Upon sexual maturation, olfactory acuity in women ameliorates and starts oscillating across the cycle. During ovulation, mean olfactory threshold is 30 times lower than during bleeding. Interestingly, menstruated women undergo maleodorant trimethylaminuria. We argued that olfactory amelioration during ovulation might concur to [...] Read more.
Upon sexual maturation, olfactory acuity in women ameliorates and starts oscillating across the cycle. During ovulation, mean olfactory threshold is 30 times lower than during bleeding. Interestingly, menstruated women undergo maleodorant trimethylaminuria. We argued that olfactory amelioration during ovulation might concur to a mating strategy, whereas olfactory impairment during bleeding might protect women against self-refusal. Testosterone and its 17β-estradiol derivative might be responsible for the synchronization of these menstrual events. Furthermore, we posed the question whether olfactory detection amelioration upon sexual maturation might provoke a change in food preferences, for instance a reduction in fish consumption. A preliminary survey in Italy provided encouraging results: 15-44 year-old women have lower fish consumption than 3-14 year-old girls. Surprisingly, men exhibited the same behaviour, so new olfactory tests as well as testosterone measurements are under way. Full article
(This article belongs to the Special Issue Feature Papers)
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Open AccessReview Selenium in Camel – A Review
Nutrients 2009, 1(1), 30-49; doi:10.3390/nu1010030
Received: 11 May 2009 / Accepted: 5 July 2009 / Published: 8 July 2009
Cited by 8 | PDF Full-text (999 KB) | HTML Full-text | XML Full-text
Abstract
Requirements for trace minerals in camels, particularly selenium, are not well-known. Selenium supplementation using a pharmaceutical form or commercial mineral mixture is common practice in camels to address the cardiomyopathy often attributed to selenium deficiency. This supplementation is often empirical and based [...] Read more.
Requirements for trace minerals in camels, particularly selenium, are not well-known. Selenium supplementation using a pharmaceutical form or commercial mineral mixture is common practice in camels to address the cardiomyopathy often attributed to selenium deficiency. This supplementation is often empirical and based on estimated needs for cattle. Nowadays the use of selenium in animal foodstuffs is commonplace and further investigation of its metabolism (ingestion, dynamic of storage-destocking, excretion) in camels is warranted. The present review aimed to synthesize all the experimental research (comparative selenium status in cow and camel, response to different levels of supplementation at different physiological stages, excretion maternal transfer, experimental toxicosis) and field observations (deficiency, supplementation practices) undertaken in camels. The results underline the particularity of the unique metabolic profile of the camel and lead to practical recommendations for supplementation in camels, highlighting its relative sensitivity to excess Se intake at lower levels than in cattle. The maximal tolerable dose is 8 mg and the recommended doses range from 2 to 4 mg. Full article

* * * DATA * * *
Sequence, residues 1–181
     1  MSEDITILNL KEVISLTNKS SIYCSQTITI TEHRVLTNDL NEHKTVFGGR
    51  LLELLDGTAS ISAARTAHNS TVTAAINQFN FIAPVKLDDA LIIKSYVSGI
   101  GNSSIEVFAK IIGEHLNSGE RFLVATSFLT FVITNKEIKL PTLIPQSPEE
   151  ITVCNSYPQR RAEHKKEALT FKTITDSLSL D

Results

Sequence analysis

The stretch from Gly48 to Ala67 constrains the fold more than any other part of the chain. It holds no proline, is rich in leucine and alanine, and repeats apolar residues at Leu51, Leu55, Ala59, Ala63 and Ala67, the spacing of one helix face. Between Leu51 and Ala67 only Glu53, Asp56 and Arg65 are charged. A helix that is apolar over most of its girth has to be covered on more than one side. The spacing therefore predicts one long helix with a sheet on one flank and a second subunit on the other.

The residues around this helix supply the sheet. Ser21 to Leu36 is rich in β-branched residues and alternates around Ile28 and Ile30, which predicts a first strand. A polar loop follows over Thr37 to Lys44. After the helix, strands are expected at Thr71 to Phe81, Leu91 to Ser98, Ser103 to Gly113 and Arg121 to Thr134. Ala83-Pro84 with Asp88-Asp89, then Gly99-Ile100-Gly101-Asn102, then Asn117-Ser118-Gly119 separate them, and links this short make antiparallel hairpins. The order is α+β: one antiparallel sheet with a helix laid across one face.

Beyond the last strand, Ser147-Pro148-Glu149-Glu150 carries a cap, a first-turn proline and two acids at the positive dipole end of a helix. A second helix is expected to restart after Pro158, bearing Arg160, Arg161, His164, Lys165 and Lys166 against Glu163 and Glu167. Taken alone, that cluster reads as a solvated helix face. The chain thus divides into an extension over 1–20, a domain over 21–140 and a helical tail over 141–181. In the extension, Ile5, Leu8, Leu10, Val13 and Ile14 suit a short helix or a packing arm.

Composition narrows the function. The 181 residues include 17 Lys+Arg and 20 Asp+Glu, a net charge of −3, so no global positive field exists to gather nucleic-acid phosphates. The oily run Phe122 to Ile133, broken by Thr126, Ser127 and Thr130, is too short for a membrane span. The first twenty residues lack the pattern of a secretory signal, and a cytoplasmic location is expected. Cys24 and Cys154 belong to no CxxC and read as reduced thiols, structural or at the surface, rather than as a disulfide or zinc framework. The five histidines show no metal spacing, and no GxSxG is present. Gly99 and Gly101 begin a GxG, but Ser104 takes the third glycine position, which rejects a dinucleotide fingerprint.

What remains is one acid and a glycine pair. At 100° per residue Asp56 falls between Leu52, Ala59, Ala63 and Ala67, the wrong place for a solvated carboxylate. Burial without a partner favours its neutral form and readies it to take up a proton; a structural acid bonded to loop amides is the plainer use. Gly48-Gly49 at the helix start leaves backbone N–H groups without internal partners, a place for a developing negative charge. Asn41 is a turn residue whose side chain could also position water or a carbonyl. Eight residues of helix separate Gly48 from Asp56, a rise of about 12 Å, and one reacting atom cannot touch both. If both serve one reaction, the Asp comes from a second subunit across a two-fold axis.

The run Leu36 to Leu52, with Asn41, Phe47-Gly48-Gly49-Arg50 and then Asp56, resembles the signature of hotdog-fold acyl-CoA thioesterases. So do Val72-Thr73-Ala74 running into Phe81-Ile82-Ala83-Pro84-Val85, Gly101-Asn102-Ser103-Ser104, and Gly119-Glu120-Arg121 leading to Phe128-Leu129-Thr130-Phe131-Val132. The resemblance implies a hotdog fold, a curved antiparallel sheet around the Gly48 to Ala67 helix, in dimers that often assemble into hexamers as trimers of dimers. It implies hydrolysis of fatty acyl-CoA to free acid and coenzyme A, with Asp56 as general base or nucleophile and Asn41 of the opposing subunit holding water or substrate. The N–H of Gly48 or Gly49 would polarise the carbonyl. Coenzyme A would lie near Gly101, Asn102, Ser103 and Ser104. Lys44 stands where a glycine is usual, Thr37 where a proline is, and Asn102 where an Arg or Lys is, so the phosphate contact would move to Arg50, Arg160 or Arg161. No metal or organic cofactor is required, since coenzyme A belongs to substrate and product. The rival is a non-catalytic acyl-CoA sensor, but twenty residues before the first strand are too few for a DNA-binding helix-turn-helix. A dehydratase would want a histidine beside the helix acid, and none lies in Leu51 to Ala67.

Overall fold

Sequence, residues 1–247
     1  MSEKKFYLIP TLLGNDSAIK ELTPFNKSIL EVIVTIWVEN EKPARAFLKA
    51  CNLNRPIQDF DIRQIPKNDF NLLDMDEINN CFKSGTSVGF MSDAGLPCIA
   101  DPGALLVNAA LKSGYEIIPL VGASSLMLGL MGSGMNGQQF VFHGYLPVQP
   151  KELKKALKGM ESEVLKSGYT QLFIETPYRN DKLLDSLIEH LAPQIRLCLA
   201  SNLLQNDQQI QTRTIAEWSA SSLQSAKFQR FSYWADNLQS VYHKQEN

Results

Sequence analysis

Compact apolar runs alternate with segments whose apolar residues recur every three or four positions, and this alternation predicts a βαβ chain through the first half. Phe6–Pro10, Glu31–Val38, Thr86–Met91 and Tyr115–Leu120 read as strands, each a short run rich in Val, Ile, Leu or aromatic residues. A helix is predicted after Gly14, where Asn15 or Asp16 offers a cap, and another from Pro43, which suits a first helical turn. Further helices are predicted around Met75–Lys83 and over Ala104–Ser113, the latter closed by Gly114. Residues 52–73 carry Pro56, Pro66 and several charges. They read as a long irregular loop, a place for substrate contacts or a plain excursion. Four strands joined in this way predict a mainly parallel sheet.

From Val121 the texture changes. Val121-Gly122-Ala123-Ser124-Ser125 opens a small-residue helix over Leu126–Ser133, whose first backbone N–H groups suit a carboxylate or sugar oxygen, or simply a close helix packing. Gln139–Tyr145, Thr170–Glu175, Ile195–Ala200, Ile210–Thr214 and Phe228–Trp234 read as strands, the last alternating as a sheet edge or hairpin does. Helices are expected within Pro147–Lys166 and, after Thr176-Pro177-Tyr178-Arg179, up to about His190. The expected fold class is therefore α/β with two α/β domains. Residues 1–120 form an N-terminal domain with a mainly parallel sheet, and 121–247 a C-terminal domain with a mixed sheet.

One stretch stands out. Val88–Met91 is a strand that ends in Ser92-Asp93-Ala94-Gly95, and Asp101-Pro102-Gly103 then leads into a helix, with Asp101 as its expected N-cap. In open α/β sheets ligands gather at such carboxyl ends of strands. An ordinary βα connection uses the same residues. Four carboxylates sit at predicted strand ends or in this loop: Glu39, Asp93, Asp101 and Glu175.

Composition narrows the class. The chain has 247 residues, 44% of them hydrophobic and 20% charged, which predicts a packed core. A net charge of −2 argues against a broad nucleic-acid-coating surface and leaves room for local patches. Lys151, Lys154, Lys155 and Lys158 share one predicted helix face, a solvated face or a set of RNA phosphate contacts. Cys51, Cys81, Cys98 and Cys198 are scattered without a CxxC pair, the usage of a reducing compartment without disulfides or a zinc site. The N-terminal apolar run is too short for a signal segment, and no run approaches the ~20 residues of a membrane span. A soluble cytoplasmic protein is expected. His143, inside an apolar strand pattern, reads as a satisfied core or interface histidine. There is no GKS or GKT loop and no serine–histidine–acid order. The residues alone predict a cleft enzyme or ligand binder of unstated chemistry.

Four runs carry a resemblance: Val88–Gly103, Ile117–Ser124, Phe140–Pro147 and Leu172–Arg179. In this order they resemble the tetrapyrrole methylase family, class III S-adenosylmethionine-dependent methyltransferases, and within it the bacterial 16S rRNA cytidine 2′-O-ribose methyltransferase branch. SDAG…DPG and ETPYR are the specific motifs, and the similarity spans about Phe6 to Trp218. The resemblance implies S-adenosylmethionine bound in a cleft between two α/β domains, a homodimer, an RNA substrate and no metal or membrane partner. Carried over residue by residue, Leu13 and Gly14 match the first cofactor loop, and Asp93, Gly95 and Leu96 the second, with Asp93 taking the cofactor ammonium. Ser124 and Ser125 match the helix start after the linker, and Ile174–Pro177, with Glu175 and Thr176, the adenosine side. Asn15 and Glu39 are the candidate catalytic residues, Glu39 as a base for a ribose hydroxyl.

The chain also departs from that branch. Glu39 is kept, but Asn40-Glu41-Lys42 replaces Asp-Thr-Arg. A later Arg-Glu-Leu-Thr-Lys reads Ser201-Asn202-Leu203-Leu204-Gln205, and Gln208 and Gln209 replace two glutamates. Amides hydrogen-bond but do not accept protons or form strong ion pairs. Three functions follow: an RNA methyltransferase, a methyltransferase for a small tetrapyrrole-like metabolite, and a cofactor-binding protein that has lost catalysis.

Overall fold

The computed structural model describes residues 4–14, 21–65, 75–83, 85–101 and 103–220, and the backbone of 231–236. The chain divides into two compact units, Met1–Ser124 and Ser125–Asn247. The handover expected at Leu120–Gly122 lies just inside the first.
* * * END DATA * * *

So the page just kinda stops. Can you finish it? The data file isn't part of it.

Open AccessReview Animal Nutrition and Lipids in Animal Products and Their Contribution to Human Intake and Health
Nutrients 2009, 1(1), 71-82; doi:10.3390/nu1010071
Received: 13 July 2009 / Accepted: 11 August 2009 / Published: 14 August 2009
Cited by 14 | PDF Full-text (120 KB) | HTML Full-text | XML Full-text
Abstract
Few EU countries meet targets for saturated fatty acid (SFA) intake. Dairy products usually represent the single largest source of SFA, yet evidence indicates that milk has cardioprotective properties. Options for replacing some of the SFA in milk fat with cis-monounsaturated [...] Read more.
Few EU countries meet targets for saturated fatty acid (SFA) intake. Dairy products usually represent the single largest source of SFA, yet evidence indicates that milk has cardioprotective properties. Options for replacing some of the SFA in milk fat with cis-monounsaturated fatty acids (MUFA) through alteration of the cow’s diet are examined. Also, few people achieve minimum recommended intakes (~450–500 mg/d) of the long chain n-3 polyunsaturated fatty acids (PUFA) eicosapentaenoic acid (EPA) and docosahexaenoic acid (DHA). Enrichment of EPA+DHA in poultry meat via bird nutrition is described and how this would impact on habitual intake is discussed. Full article
(This article belongs to the Special Issue Foodomics 2009)
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Open AccessReview Monitoring Healthy Metabolic Trajectories with Nutritional Metabonomics
Nutrients 2009, 1(1), 101-110; doi:10.3390/nu1010101
Received: 3 August 2009 / Accepted: 31 August 2009 / Published: 4 September 2009
Cited by 7 | PDF Full-text (527 KB) | HTML Full-text | XML Full-text
Abstract
Metabonomics is a well established analytical approach for the analysis of physiological regulatory processes via the metabolic profiling of biofluids and tissues in living organisms. Its potential is fully exploited in the field of “nutrimetabonomics” that aims at assessing the metabolic effects [...] Read more.
Metabonomics is a well established analytical approach for the analysis of physiological regulatory processes via the metabolic profiling of biofluids and tissues in living organisms. Its potential is fully exploited in the field of “nutrimetabonomics” that aims at assessing the metabolic effects of active ingredients and foods in individuals. Yet, one of the greatest challenges in nutrition research is to decipher the critical interactions between mammalian organisms and environmental factors, including the gut microbiota. “Nutrimetabonomics” is today foreseen as a powerful approach for future nutritional programs tailored at health maintenance and disease prevention. Full article
(This article belongs to the Special Issue Foodomics 2009)